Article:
Public Places: My Life in the Theater, with Peter O’Toole and Beyond

ISBN: 0571211194
ISBN 13: 9780571211197
By: Sian Phillips

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Genres

August 2 A Day Which Will Live In Autobiography Biography Favourites Great Invite For A Dinner Party Incredible Lives Nonfiction Ny Times Notable Books Richard Burton Diaries To Read

About this book

Sian Phillips and Peter O'Toole were one of the theaters most fabulous couples--a marriage perhaps rivaled only by that of Richard Burton and Elizabeth Taylor in terms of glamour, power, and public fascination. In her exceptional memoir, Phillips reveals in thoughtful detail their tumultuous life together. She describes the mad and impulsive times with the infamous hellraiser alongside the tempestuous, insecure, and often lonely periods in their marriage. When OToole's career took off with "Lawrence of Arabia," Sian found life increasingly difficult in her parallel roles as wife, mother, and actress, and watched as her own career became progressively sidelined. Against all expectations, though, their union endured for twenty years. When it ended, incredibly, even to herself, Sian plunged straight into another marriage, to a much younger man. Ultimately she emerges alone--triumphant and unrepentant--and the story she recounts here ranks alongside the very best in show business.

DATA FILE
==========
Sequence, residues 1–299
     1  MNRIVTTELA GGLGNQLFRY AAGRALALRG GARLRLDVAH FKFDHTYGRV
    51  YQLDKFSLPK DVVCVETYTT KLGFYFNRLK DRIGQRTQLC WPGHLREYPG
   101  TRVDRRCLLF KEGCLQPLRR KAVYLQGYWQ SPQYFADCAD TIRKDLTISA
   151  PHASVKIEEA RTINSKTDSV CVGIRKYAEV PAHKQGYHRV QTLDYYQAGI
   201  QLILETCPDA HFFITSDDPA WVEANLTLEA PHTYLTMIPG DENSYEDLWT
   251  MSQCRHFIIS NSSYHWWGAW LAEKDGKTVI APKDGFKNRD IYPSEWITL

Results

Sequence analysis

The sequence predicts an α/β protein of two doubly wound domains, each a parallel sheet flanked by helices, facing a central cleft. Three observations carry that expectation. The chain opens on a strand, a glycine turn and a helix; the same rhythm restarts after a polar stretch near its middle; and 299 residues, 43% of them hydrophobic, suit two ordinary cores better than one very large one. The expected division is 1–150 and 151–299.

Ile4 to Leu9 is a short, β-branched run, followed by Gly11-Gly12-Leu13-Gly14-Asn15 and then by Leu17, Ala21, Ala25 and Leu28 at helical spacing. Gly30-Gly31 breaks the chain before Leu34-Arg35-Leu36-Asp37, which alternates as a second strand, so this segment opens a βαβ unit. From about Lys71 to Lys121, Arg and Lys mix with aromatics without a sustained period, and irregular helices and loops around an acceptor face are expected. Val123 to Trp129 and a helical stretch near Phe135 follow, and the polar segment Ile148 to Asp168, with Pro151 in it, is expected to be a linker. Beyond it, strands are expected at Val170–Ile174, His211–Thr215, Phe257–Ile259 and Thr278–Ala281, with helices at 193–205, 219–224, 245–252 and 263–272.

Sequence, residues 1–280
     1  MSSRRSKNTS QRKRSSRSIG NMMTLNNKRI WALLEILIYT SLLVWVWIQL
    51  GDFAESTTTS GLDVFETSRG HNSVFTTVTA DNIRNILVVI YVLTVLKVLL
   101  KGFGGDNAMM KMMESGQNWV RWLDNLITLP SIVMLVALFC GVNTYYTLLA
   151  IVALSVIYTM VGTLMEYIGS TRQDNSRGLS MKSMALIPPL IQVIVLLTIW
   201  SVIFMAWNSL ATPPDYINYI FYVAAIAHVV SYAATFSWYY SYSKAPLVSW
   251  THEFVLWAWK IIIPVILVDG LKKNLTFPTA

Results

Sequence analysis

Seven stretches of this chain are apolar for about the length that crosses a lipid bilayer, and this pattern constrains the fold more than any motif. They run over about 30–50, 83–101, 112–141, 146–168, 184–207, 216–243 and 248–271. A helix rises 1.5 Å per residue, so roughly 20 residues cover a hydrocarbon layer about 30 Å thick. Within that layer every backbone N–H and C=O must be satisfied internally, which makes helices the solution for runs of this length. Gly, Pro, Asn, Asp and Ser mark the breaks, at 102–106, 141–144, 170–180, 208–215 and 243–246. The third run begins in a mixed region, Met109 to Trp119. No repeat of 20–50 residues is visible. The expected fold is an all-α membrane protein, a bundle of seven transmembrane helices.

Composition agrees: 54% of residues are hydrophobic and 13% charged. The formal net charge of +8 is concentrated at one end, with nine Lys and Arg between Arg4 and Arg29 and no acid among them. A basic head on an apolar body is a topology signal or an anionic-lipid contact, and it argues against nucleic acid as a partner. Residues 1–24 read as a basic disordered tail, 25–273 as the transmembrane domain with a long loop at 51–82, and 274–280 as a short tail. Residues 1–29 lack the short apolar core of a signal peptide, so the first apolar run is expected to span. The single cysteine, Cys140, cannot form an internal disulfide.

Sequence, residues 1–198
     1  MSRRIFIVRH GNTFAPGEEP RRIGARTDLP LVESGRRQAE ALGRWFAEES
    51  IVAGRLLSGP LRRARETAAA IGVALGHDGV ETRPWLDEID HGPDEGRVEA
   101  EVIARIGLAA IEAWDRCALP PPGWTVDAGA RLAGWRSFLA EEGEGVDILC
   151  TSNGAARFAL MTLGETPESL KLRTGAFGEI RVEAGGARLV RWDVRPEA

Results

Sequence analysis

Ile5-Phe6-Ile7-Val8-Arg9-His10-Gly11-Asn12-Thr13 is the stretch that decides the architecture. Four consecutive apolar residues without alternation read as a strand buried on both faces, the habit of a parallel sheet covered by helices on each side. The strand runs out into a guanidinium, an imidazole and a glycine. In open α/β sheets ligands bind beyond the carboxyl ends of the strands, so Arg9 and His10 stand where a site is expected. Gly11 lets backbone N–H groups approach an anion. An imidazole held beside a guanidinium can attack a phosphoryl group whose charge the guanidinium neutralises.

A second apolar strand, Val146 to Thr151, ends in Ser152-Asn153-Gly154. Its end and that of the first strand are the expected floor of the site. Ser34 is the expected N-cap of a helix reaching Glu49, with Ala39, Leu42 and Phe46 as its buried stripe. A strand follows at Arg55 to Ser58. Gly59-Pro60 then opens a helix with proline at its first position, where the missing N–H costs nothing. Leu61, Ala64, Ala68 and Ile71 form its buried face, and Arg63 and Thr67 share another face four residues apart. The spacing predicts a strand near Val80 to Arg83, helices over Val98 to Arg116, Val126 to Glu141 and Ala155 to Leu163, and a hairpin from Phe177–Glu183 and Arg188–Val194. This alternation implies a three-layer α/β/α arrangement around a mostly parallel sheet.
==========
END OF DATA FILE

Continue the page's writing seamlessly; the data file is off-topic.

Reader's Thoughts

Kym

loved this amazing book! My new mantra in life is "What would Sian do?"

Willowwind

I ordered this because it was mentioned on the Marzipan group list and after reading the first few pages on Amazon it sounded really interesting.

Jae Jaggart

Movie geek that I am, I saw Lawrence Of Arabia (the 1962 film) on the teev when I was still in primary school and walked around in a Lawrence daze for days. Gradually I caught up on various Peter O’Toole films and like a handful of brilliant actors that seemed to thrive in the sixties, he had a complete disregard for authority, a bloody-minded insistence on total personal freedom, and a self-destructive streak ten miles wide. Sian Phillips, a powerful actress in her own right, was married to him. This is her autobiography and a documentation of a fascinating period in filmmaking generally. It includes sharp observations not only of O’Toole, but of the major players in the theatre and cinema of the fifties, sixties and seventies. This was one very tough, very intelligent woman and I can only think that for all the bad times, there were an equal amount of fascinating and unique ones, many of them documented here with humor and wit.

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